Are you interested in product development or cocreation with a foreign company?
In the future, I think the need for such collaboration will grow. There will be many opportunities. What I want to do is to introduce our success stories from the domestic Japanese market to the overseas markets, and see how successful our products can be. The method that I mentioned earlier will have the lowest risk when bringing our successful Japanese cases overseas. I believe that the requirements in the Japanese market are very high. When I look at the Thai market, for example, the requirements are completely different. Therefore, I believe that if we export our successful Japanese cases, they will be successful overseas too. I think this will be the case in Southeast Asia. This will allow us to form relationships with local companies there in the future.
When it comes to overseas development, Oji Paper and Rengo are accelerating their entrance into overseas markets. We are lagging slightly, and therefore, it will be difficult to catch up to them even if we set up factories there and start producing. Our design ability is how we can compete.
Earlier you spoke about your joint venture with Marubun in Thailand. You send the design and oversee the implementation, while Marubun does the production. Would you be interested in a new collaboration like that with a foreign maker??
Our main customers are in the automotive industry. Right now, they are very active in Thailand. That is why we established our partnership there. However, the major players in the automotive do move, and some are currently looking at India as their next destination. Therefore, if our customers say that they want us in India, then we will need to consider cooperating with local companies there. What is good about recent technology is that thanks to the development of the internet, we do not have to go there, as we can send and receive data regardless of the time differences.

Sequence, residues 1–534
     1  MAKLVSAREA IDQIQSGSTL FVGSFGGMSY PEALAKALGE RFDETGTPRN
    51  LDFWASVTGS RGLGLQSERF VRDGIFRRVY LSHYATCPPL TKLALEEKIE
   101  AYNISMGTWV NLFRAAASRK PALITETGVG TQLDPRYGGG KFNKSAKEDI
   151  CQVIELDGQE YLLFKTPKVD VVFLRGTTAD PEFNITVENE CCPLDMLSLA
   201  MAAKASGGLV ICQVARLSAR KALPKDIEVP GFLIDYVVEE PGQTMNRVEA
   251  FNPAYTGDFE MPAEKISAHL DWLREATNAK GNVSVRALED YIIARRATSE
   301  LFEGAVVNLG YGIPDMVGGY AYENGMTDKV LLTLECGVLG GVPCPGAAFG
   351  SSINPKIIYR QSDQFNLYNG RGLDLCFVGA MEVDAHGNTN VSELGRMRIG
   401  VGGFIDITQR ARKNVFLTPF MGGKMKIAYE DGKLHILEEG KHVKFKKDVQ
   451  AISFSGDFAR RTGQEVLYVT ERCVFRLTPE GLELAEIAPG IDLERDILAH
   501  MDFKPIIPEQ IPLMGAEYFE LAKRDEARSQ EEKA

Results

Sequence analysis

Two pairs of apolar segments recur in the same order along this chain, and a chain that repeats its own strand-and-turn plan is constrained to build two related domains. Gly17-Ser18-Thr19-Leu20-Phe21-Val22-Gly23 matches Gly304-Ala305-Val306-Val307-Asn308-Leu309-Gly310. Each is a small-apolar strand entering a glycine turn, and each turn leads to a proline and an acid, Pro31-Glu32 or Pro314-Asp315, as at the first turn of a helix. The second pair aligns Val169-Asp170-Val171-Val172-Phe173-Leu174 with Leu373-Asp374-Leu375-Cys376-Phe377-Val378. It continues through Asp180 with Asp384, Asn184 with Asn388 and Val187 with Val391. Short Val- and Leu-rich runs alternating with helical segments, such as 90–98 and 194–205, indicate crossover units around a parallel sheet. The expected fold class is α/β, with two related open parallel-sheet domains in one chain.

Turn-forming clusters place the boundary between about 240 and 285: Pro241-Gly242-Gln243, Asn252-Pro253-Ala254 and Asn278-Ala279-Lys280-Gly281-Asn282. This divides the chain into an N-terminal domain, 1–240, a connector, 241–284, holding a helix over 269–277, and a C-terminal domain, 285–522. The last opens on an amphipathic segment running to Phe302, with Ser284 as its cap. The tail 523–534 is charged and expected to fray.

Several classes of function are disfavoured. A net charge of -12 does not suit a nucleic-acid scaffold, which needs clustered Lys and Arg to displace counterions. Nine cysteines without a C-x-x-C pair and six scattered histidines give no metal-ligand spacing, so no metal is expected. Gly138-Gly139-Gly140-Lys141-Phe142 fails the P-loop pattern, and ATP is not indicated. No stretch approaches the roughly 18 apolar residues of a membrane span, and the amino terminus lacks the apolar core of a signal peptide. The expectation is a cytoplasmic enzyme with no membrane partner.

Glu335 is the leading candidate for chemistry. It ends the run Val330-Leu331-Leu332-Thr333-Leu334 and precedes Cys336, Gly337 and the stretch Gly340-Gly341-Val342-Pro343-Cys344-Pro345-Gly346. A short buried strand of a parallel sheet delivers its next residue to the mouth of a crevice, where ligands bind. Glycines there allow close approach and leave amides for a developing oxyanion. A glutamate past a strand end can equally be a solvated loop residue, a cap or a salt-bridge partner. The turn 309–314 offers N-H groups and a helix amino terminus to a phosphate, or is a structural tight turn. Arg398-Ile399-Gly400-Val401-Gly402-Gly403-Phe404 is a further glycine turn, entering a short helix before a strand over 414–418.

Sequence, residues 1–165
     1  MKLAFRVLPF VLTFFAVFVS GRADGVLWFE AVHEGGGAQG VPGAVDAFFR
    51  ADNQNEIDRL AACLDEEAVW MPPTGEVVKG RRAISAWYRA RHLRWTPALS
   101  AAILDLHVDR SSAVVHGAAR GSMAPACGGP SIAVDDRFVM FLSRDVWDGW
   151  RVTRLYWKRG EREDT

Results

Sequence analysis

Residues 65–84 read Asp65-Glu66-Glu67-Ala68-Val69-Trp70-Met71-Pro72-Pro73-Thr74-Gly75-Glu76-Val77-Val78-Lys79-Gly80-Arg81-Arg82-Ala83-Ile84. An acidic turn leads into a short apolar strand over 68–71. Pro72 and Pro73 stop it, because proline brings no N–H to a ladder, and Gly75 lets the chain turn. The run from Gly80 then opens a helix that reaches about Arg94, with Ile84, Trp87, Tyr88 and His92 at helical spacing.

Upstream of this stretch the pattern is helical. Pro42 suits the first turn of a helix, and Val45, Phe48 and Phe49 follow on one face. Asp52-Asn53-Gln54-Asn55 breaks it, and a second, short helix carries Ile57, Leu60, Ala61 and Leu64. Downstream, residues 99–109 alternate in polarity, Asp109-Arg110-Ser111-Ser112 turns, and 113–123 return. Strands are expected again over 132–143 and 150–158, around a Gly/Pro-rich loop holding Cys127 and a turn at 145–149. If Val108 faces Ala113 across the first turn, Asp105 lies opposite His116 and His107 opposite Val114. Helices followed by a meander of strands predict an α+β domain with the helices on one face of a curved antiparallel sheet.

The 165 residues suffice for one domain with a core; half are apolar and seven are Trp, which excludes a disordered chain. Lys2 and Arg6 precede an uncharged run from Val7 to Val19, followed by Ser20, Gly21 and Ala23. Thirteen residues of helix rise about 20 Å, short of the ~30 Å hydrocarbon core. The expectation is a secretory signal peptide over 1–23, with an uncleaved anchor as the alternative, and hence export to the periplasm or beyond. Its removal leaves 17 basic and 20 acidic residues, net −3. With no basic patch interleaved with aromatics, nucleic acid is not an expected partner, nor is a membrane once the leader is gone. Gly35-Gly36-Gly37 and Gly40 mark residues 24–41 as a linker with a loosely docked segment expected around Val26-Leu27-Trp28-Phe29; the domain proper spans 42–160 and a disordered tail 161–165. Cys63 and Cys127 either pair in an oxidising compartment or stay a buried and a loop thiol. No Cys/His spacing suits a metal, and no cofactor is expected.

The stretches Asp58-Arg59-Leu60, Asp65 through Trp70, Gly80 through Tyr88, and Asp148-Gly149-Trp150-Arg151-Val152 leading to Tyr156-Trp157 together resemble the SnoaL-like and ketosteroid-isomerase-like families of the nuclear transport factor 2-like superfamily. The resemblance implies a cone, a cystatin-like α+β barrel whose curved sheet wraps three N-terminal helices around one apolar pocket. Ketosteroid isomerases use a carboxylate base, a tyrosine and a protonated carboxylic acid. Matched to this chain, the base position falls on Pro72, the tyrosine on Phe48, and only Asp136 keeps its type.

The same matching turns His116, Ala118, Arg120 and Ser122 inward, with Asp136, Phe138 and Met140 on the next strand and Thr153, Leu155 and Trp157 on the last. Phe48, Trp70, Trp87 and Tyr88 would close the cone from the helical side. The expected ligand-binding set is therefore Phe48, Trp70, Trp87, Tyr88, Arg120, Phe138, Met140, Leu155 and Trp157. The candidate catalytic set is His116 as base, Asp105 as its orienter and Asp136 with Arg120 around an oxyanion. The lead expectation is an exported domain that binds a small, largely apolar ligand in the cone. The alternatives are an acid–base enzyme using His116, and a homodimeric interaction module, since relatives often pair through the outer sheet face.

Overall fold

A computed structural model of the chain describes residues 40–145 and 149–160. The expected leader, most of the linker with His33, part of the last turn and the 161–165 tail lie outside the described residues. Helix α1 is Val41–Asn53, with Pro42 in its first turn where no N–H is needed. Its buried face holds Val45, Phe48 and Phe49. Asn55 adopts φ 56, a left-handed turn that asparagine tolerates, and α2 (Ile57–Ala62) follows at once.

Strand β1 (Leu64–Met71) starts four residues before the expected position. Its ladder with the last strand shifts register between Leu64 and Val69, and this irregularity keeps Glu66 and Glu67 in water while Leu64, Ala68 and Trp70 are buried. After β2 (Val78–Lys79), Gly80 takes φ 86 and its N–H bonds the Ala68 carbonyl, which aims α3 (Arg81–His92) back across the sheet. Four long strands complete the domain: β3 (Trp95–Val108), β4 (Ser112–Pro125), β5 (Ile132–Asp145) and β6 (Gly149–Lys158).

Going forward, I think that the leaders of companies should be able to speak English. Therefore, when I considered my successor, I believed that that person should be a good English speaker. That person is studying English in Singapore right now.
Imagine that we come back four years from now for your company’s 65th anniversary, and have this interview all over again. What are your dreams for this company, and what goals would you like to have accomplished by then?
I would describe my dream image of this company for the future as being a packaging, logistics, and consulting company that can provide consistent total service solutions to our clients that include all the functions related to logistics. For example, we want to be able to provide materials that can be used to produce things. When it comes to our warehouses, we do not just want them to be used for keeping the products of our customers. Rather, we want to be able to receive the data of the order and shipment from our customers and take care of the entire process. Of course, we can also provide packaging for their products. In this way, we can become a total service solution provider. That is my goal for the next five years.